Last year, James S. A. Corey — the pen name used by Daniel Abraham and Ty Franck — wrapped up their acclaimed Expanse space opera series with Memory’s Legion, a collection of short stories set within their elaborate sci-fi universe. The Expanse contains everything you could possibly want from a sci-fi series — rich world-building, heady concepts, memorable characters, great dialog, thrilling action — and comes with my highest recommendation. (The TV series that it inspired is pretty awesome, too.)
Abraham and Franck are clearly not done with the genre, and have announced another space opera project. Inspired by the Old Testament’s Book of Daniel, and described as “the disappointing love child of Frank Herbert and Ursula Le Guin,” The Captive’s War trilogy is set in a distant future where humans are enslaved by a vast and violent empire that is, itself, facing a mysterious threat.
From the official synopsis, courtesy of Tor:
How humanity came to the planet called Anjiin is lost in the fog of history, but that history is about to end.
The Carryx — part empire, part hive — have waged wars of conquest for centuries, destroying or enslaving species across the galaxy. Now, they are facing a great and deathless enemy. The key to their survival may rest with the humans of Anjiin.
Caught up in academic intrigue and affairs of the heart, Dafyd Alkhor is pleased just to be an assistant to a brilliant scientist and his celebrated research team. Then the Carryx ships descend, decimating the human population and taking the best and brightest of Anjiin society away to serve on the Carryx homeworld, and Dafyd is swept along with them.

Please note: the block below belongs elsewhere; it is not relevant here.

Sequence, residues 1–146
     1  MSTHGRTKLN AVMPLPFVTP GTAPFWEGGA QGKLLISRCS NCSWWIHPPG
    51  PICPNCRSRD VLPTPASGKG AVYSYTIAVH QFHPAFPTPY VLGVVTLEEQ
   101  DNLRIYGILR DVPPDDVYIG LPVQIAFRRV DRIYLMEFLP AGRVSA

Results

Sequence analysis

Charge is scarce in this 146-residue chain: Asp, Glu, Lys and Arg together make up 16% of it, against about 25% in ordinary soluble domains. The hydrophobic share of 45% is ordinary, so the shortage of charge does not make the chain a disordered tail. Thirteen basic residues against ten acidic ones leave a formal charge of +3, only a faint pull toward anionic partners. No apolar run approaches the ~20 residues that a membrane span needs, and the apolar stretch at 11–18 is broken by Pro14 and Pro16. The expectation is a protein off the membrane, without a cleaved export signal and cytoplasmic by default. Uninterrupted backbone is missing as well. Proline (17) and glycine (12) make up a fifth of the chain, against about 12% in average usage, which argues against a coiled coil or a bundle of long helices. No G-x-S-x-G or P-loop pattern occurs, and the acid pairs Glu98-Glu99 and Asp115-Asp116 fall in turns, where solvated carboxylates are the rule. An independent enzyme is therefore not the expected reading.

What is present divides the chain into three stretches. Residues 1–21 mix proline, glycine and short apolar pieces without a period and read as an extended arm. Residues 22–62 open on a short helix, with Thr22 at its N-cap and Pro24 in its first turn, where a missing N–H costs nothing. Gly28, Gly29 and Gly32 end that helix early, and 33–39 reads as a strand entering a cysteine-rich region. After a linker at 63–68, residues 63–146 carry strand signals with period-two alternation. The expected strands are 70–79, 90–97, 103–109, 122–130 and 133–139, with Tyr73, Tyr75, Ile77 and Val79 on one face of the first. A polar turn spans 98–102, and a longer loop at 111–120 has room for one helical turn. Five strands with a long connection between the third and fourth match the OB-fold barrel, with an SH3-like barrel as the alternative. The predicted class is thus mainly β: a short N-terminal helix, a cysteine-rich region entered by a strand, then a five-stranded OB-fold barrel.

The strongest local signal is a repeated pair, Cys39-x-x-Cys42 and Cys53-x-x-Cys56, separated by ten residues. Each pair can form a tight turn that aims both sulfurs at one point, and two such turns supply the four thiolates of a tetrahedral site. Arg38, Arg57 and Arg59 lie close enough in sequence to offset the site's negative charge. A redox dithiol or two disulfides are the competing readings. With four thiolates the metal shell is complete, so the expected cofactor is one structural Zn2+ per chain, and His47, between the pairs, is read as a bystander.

They are dropped in the middle of a struggle they barely understand, set in a competition against the other captive species with extinction as the price of failure. Only Dafyd and a handful of his companions see past the Darwinian contest to the deeper game that they must play to survive: learning to understand — and manipulate — the Carryx themselves.
With a noble but suicidal human rebellion on one hand and strange and murderous enemies on the other, the team pays a terrible price to become the trusted servants of their new rulers.
Dafyd Alkhor is a simple man swept up in events that are beyond his control and more vast than his imagination. He will become the champion of humanity and its betrayer, the most hated man in history and the guardian of his people.
This is where his story begins.
The Daniel parallels are already pretty evident. Just as Daniel was taken to Babylon to serve in the court of King Nebuchadnezzar, where he becomes a highly regarded advisor and is subsequently embroiled in court politics, Dafyd Alkhor and his companions are taken in by the Carryx Empire and become their trusted servants. The Captive’s War seems to really play up the ramifications of collaborating with the enemy, though, and that bit about the Carryx “facing a great and deathless enemy” is certainly intriguing. We’ll have to wait and see, however, if the Carryx have any alien equivalents for the lions’ den or fiery furnace.
The first book of The Captive’s War trilogy — The Mercy of Gods — will be released by Orbit Books on August 6, 2024.